“Sometimes he annoys the viewers, sometimes he makes them laugh, but it is hard to say that they remain indifferent to him,” writes N12 reporter Ori Isaac.
By Terri Nir, United with Israel
Haifa-born Avichay Adraee, the IDF spokesperson for Arab media, is a Sephardi Jew with a deep knowledge of the Arabic language, civilization, culture and history. His current position has been his dream since childhood, according to his website.
In 2001, Lt.-Col. Adraee, now 39, joined the Military Intelligence Service in the elite 8200 unit. Upon completing mandatory service, he began his career as head of the Arab Media department in the IDF Spokesperson’s Office. In November 2018 he was promoted to the rank of Lieutenant Colonel.
He has been in his current position since 2005, and since then has become a familiar figure in the Arab world, having been interviewed hundreds of times on various Arab TV channels.
Adraee says he has excellent relations with citizens of various Arab countries. “There is a door to dialogue and the real winds of peace that swept the region,” his website says.
He stresses the importance of communication and dialogue with many peoples, even if their governments do not establish normal relations with Israel or are in fact hostile to the Jewish State. He welcomes his “wonderful opportunity” in all ways possible, particularly through social media, to promote dialogue.
In an exclusive interview with N12 journalist Ori Isaac, Adraee explains that he actually invented the role he performs. “He is addicted to social networks. In every spare moment, he uploads a story, a tweet to half a million followers or a rhythmic video,” and has thus become a social media celebrity in the Arab world, says Isaac.
“Without the uniform, one could be confused and think that this is not a senior officer, but one of the teens addicted to TikTok – where he has already gained 2.5 million likes.”
‘The Most Important Decision in My Life’
“My father made a decision about me, that I would learn the Arabic language in high school,” Edrei explains to N12 in his fluent Arabic. “It was a kind of quarrel at home, because I thought the future was in computer science. The most important decision I made in my life, I did not make it – but my late father made that decision, that I would learn the Arabic language.”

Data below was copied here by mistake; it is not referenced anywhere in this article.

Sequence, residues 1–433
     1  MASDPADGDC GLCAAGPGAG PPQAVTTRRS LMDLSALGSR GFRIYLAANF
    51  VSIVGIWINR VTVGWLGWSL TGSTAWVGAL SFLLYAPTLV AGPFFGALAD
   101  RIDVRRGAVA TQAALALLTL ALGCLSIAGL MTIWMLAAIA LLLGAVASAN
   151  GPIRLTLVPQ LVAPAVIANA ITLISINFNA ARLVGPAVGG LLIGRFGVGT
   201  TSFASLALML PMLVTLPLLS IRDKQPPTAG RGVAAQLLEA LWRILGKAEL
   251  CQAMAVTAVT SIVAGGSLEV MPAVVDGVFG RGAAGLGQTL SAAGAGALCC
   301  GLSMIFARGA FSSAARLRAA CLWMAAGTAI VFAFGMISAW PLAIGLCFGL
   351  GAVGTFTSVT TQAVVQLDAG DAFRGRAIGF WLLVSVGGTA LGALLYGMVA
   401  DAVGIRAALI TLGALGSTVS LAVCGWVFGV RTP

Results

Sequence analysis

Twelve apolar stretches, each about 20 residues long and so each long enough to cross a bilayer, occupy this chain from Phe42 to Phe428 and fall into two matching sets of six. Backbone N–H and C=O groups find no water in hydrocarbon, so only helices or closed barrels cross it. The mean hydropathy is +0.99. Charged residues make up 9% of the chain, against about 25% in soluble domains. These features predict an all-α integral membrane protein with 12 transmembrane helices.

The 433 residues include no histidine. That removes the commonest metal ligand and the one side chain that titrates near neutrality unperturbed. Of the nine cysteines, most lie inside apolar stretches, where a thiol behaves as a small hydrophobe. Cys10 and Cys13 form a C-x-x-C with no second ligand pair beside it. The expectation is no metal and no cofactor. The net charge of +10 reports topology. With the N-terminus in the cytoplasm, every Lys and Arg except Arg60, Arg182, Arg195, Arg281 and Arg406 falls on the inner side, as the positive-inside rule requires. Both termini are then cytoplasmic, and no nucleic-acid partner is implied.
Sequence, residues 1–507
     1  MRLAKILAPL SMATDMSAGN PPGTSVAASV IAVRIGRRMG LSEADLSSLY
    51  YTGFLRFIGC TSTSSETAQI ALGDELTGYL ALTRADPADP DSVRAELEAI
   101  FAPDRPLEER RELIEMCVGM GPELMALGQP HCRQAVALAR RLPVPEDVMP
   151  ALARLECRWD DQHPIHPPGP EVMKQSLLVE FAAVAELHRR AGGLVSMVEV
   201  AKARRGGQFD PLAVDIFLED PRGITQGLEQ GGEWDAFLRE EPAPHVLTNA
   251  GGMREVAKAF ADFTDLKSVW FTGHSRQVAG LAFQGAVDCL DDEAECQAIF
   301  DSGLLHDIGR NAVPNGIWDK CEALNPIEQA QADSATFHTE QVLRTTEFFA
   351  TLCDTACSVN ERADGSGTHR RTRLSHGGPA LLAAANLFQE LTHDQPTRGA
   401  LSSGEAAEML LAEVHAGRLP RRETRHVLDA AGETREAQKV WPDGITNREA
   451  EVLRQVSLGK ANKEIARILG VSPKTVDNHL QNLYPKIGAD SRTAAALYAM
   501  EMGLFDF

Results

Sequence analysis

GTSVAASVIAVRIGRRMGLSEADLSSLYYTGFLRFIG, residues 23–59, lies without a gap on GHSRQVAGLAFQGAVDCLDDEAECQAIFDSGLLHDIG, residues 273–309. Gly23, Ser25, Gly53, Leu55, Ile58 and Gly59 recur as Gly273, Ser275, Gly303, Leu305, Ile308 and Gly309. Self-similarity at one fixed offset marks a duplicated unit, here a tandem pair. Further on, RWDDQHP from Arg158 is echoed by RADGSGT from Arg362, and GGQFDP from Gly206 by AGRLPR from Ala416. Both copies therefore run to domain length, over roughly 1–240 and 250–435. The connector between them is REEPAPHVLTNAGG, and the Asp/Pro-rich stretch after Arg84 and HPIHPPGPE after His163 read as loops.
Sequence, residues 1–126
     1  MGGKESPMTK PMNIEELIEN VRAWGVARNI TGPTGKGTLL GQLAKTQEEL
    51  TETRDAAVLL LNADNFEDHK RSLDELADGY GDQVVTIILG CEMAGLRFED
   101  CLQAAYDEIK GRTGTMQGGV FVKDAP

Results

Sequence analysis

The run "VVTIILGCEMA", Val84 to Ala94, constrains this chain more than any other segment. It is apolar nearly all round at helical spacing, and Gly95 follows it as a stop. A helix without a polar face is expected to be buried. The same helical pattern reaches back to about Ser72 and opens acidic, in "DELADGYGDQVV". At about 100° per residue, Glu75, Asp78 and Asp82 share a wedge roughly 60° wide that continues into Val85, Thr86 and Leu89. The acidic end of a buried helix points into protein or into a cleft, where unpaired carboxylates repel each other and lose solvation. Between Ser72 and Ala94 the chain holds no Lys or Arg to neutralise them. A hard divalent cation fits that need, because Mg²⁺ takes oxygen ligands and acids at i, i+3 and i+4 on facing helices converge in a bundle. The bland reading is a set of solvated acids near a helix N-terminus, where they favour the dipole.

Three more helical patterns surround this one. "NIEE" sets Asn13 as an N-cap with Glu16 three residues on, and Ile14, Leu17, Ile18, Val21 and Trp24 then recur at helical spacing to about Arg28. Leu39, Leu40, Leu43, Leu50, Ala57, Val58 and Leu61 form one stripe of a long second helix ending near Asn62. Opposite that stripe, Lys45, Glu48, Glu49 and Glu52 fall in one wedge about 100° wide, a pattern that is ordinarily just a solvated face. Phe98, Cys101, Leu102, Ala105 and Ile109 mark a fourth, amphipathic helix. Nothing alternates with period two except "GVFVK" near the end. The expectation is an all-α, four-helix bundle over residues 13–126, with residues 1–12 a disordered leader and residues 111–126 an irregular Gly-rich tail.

Dubbed “Sheikh Adraee,” the IDF officer is stopped frequently on the streets by people asking for selfies. It seems that to the Arabic speakers, it is his personality that is captivating, not the uniform,” Isaac writes.
“Sometimes he annoys the viewers, sometimes he makes them laugh, but it is hard to say that they remain indifferent to him.”
“On the one hand, you have someone who criticizes you and curses you,” Adraee concedes in the interview. “On the other hand, I get thousands of responses every day on private channels, on my phone, from people who are ‘your people’ in the Arab world – even from enemy countries like Syria, you guessed it. And Saudi Arabia, the Gulf states, the Emirates, Bahrain, etc. – the new peace countries – and Egypt of course.”
“I sleep in Arabic, I dream in Arabic occasionally, I speak Arabic all day,” Adraee says.
The IDF spokesperson knows how to handle his enemies. In one video cited by N12, while standing across from tunnels dug by the Hezbollah terror group, he teases a Lebanese journalist and social media influencer:
“Where are you, Hosein Mortada? Where are you, do you hear me? Good morning! Do you continue to work on your videos? Have you seen the Israeli army? It has power, technology and creativity, and that is what destroyed your tunnels in 40 days! What a loss … Congratulations.”
‘The War of Minds’
Adraee went down to the Gaza border in the backdrop of the recent escape of six security prisoners from Gilboa Prison followed by violent rioting, including the one in which the late Border Police fighter Barel Hadaria Shmueli was killed. “Here, too, the goal is clear – the war of minds he is waging against Hamas,” N12 reports.
In a video, Adraee answered one of the demonstrators on the fence in Gaza who regularly addresses him in TikTok. Relating to the humanitarian crisis in the Strip and the vast resources Hamas spends on terror rather than on the residents’ basic need, he says: “Look at the [terror] tunnel, the length of the tunnel, and think to yourself – how much money!”
Asked by Isaac if he fears for his and his family’s safety due to his large public presence, especially since there have been a number of threats, he replies – in Arabic: “No. I trust the security forces and I know that there is someone who protects and guards me.
“I got dozens of calls that suddenly took a different direction — a person who called to curse me suddenly became a new friend of mine and told me ‘now I see Avichai as a different person.'”
“And so, the man who did not want to learn Arabic found himself in the heart of the Arab world, and he is sure that language is the solution, that it can be the bridge that will eventually bring the Middle East to a slightly more sane place,” Isaac concludes.
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